Lisa completed her Bachelor of Science and Master of Science degrees in Applied Mathematics at Queens University in Northern Ireland in 1995 and 1998 respectively. She was a research scientist for the Met Office Hadley Centre in the Climate Variability Group from 1998 to 2006, spending her last year on secondment at the Australian Bureau of Meteorology.  She completed her PhD at Monash University in 2009, winning the Mollie Holman medal for best doctoral thesis. Since then she has been a senior researcher with the Climate Change Research Centre at UNSW.

 

Links:

Personal website
UNSW Climate Change Research Centre
Articles on The Conversation

 

 

Geoffrey Vasil

Geoff Vasil is a Senior Lecturer in the School of Mathematics and Statistics at the University of Sydney. His main research interests are the area of nonlinear dynamics of astrophysical and geophysical fluid systems. Geoff completed his PhD research at the University of Colorado at Boulder, USA in 2008 and was a postdoctoral researcher at the Canadian Institute for Theoretical Astrophysics in Toronto, Canada before joining the faculty of the University of Sydney.

One of Geoff’s specific projects is working toward a better understanding of the how the Sun manufactures global magnetic fields on an eleven-year cycle. Also, Geoff is interested in many of the basic ingredients that make up systems like the Sun. To this end, he is actively working on understanding the fundamental laws of heat transport in turbulent convection systems. He has made fundamental progress in understanding the mechanism of baroclinic instability in the presence of convection. This will have a number of consequences for understanding the dynamics of the atmospheres of the giant planets such as Jupiter and Saturn, as well as accretion disks.

Geoff also is interested in the difficult computational aspect that accompany many problems in astrophysics and geophysics. He is continuing work on modeling systems with extreme disparities in timescales, both analytically and numerically. He is one of the founding developers of the Dedalus Project, an open-source MPI-parallelized python library to solve partial differential equations, in particular those that arise in the field of fluid dynamics.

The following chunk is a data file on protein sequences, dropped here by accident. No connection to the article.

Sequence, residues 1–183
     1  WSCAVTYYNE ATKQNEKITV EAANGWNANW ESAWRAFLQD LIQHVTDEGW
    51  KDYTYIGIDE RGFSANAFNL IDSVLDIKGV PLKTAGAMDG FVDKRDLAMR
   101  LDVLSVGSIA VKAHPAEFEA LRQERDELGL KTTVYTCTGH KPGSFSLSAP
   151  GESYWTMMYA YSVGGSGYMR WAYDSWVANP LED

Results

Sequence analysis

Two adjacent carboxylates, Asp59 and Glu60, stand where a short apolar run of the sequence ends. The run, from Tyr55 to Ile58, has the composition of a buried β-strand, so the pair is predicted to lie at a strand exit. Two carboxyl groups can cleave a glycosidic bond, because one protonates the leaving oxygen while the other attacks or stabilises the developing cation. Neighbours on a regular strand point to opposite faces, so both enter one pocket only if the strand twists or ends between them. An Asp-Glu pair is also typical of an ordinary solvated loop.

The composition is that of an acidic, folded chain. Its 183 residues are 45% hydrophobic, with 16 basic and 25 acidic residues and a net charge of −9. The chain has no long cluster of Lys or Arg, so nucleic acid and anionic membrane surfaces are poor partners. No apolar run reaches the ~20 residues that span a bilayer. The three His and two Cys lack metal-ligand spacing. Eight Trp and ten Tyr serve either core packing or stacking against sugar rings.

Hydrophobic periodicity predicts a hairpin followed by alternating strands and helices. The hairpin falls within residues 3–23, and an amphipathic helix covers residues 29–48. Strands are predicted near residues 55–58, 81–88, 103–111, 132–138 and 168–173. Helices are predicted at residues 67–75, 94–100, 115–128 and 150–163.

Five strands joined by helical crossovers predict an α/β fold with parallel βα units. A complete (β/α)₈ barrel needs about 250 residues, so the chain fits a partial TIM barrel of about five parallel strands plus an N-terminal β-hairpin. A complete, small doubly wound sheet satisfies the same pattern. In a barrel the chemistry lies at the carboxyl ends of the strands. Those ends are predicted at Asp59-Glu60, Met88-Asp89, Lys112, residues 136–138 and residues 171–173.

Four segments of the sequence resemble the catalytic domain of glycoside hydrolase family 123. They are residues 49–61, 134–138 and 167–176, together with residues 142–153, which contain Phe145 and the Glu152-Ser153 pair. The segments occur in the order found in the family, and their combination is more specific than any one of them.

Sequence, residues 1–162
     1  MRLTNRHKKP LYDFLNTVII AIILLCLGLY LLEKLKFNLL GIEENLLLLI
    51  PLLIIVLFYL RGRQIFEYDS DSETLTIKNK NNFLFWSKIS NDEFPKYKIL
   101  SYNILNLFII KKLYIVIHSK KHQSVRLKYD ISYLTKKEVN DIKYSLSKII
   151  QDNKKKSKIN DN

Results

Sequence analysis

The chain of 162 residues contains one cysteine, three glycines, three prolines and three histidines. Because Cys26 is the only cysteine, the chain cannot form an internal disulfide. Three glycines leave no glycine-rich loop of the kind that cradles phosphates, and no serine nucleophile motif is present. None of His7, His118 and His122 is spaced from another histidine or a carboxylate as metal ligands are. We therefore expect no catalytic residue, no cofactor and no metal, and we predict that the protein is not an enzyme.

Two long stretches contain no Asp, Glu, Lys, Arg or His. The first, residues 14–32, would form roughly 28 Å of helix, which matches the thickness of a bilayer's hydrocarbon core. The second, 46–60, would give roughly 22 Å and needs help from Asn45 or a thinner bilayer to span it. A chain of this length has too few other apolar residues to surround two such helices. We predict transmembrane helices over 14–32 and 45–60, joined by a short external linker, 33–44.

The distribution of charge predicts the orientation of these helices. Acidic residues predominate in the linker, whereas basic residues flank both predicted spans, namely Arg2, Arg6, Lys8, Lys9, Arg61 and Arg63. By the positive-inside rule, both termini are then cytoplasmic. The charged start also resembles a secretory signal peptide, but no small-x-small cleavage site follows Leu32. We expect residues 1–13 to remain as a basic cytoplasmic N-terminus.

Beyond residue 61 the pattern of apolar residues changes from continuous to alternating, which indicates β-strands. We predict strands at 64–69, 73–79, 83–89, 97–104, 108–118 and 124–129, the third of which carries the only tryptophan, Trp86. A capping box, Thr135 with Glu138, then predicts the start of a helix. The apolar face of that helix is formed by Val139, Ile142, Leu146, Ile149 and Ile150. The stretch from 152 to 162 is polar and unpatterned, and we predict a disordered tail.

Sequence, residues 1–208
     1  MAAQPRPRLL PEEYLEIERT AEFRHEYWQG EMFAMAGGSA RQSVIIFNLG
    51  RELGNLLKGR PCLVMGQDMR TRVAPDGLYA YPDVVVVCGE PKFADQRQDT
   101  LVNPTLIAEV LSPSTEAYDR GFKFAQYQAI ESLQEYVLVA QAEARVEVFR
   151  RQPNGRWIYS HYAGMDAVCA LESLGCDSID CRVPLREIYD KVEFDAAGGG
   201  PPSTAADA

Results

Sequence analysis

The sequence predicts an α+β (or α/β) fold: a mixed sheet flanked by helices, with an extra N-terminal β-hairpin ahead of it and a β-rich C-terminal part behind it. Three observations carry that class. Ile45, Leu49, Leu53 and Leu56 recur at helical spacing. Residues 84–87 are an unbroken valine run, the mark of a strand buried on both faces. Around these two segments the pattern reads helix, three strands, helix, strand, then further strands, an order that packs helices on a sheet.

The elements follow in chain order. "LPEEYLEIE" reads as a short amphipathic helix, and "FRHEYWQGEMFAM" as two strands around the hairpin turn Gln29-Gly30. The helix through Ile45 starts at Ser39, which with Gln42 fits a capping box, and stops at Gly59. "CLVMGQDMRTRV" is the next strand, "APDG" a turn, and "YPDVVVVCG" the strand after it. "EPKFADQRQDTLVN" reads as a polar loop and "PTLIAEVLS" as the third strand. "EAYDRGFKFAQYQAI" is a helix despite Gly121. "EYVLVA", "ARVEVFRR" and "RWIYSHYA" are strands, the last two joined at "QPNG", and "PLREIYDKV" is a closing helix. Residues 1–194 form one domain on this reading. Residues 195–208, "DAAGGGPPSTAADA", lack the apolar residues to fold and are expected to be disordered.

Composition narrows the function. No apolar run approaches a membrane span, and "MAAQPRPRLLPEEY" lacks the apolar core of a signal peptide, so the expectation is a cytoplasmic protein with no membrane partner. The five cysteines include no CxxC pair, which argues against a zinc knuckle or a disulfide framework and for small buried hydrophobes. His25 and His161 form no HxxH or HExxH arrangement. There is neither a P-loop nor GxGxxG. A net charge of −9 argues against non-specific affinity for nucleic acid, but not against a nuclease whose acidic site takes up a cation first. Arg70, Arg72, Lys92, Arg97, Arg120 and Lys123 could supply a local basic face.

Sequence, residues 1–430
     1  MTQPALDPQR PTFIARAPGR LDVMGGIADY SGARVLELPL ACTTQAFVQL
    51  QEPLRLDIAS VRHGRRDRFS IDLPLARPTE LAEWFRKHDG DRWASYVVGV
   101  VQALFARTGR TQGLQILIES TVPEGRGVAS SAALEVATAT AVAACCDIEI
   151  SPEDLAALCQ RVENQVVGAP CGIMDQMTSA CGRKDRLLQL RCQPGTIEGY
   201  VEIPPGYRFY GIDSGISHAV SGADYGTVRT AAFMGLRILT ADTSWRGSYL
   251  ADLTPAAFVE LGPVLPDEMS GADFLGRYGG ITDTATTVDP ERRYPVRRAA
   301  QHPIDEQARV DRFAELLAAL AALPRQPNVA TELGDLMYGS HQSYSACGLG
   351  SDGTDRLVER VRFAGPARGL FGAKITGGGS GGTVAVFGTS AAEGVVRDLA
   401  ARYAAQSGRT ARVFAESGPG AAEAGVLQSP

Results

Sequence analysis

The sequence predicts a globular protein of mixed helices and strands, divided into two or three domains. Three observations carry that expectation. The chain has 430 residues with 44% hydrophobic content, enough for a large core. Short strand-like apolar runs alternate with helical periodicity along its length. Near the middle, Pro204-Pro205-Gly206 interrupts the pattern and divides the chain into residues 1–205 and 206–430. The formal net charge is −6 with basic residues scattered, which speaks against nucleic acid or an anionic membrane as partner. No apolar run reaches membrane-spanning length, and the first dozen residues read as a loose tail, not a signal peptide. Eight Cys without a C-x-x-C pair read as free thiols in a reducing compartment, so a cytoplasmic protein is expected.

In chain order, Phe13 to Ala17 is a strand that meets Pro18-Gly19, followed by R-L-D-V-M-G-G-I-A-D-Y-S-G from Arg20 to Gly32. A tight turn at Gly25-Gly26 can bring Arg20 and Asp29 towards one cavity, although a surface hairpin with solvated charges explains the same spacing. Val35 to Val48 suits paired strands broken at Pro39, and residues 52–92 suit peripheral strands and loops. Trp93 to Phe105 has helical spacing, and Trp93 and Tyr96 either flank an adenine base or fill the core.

Personal website
Dedalus Project
University of Sydney School of Mathematics and Statistics

Shane Keating

If you looked down on the ocean from space, you would see an intricate tapestry of mesoscale eddies , 30-300 km across, interwoven with submesoscale vortices and fronts on scales of 1-30 km, and surface waves and turbulence on scales smaller than 1 km. My research uses cutting-edge developments in the fields of applied mathematics, satellite remote sensing, and physical oceanography to understand the profound influence of these features on ocean circulation, climate, and marine ecology.

Using ultra-high-resolution observations from land, sea, and space, we are now beginning to unravel the ocean’s tapestry of eddies, fronts and waves and understand, model, and predict their role in mixing and dispersion in the ocean.

 

Links:

Personal website
UNSW School of Mathematics and Statistics
ARC Centre of Excellence in Climate Extremes
Articles on The Conversation

Follow my on Twitter @science_shane